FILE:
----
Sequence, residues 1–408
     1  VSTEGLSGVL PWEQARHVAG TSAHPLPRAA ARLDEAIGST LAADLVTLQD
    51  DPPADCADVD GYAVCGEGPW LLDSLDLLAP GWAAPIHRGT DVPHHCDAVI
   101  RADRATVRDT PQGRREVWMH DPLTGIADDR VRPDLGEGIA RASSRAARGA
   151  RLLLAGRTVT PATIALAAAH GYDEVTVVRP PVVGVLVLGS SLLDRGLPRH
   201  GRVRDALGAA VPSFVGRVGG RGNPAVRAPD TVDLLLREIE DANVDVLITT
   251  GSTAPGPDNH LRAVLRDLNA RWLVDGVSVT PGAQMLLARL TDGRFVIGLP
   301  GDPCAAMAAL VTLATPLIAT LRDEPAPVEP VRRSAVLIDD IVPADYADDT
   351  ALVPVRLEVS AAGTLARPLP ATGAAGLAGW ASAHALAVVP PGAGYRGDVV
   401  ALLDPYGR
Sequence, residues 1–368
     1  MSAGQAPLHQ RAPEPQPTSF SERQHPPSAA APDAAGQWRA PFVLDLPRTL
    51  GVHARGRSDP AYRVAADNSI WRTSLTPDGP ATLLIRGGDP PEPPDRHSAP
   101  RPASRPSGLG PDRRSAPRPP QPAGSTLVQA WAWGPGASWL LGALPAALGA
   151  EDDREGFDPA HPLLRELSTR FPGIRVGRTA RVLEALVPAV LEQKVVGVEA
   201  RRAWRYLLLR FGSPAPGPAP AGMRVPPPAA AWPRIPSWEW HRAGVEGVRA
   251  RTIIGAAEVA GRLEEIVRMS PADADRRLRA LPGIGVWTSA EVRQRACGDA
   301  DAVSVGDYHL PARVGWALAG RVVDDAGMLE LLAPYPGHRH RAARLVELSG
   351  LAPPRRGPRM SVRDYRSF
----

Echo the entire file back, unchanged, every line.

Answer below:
Sequence, residues 1–408
     1  VSTEGLSGVL PWEQARHVAG TSAHPLPRAA ARLDEAIGST LAADLVTLQD
    51  DPPADCADVD GYAVCGEGPW LLDSLDLLAP GWAAPIHRGT DVPHHCDAVI
   101  RADRATVRDT PQGRREVWMH DPLTGIADDR VRPDLGEGIA RASSRAARGA
   151  RLLLAGRTVT PATIALAAAH GYDEVTVVRP PVVGVLVLGS SLLDRGLPRH
   201  GRVRDALGAA VPSFVGRVGG RGNPAVRAPD TVDLLLREIE DANVDVLITT
   251  GSTAPGPDNH LRAVLRDLNA RWLVDGVSVT PGAQMLLARL TDGRFVIGLP
   301  GDPCAAMAAL VTLATPLIAT LRDEPAPVEP VRRSAVLIDD IVPADYADDT
   351  ALVPVRLEVS AAGTLARPLP ATGAAGLAGW ASAHALAVVP PGAGYRGDVV
   401  ALLDPYGR
Sequence, residues 1–368
     1  MSAGQAPLHQ RAPEPQPTSF SERQHPPSAA APDAAGQWRA PFVLDLPRTL
    51  GVHARGRSDP AYRVAADNSI WRTSLTPDGP ATLLIRGGDP PEPPDRHSAP
   101  RPASRPSGLG PDRRSAPRPP QPAGSTLVQA WAWGPGASWL LGALPAALGA
   151  EDDREGFDPA HPLLRELSTR FPGIRVGRTA RVLEALVPAV LEQKVVGVEA
   201  RRAWRYLLLR FGSPAPGPAP AGMRVPPPAA AWPRIPSWEW HRAGVEGVRA
   251  RTIIGAAEVA GRLEEIVRMS PADADRRLRA LPGIGVWTSA EVRQRACGDA
   301  DAVSVGDYHL PARVGWALAG RVVDDAGMLE LLAPYPGHRH RAARLVELSG
   351  LAPPRRGPRM SVRDYRSF